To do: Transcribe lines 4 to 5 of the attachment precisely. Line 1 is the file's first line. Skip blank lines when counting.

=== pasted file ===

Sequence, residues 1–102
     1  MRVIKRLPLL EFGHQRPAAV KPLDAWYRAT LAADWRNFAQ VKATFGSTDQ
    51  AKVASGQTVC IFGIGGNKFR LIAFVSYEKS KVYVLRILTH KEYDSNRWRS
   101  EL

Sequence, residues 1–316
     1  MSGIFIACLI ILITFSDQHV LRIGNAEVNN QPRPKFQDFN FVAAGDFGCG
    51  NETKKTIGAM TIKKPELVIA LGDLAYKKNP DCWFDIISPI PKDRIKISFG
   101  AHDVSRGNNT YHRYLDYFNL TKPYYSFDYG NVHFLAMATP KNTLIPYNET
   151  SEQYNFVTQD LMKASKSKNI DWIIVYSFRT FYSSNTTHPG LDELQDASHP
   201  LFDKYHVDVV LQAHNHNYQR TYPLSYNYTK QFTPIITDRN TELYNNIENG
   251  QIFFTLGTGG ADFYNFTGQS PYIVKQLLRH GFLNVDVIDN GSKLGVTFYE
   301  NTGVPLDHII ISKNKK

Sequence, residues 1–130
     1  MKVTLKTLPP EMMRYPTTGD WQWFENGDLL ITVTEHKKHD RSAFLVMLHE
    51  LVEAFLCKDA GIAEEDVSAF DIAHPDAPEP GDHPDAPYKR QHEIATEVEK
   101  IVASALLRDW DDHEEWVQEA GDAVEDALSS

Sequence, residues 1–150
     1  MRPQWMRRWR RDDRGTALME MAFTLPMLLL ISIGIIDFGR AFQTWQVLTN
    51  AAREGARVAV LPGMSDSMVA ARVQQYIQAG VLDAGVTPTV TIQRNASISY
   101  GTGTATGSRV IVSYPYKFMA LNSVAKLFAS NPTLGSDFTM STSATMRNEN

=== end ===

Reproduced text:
   101  EL

Sequence, residues 1–316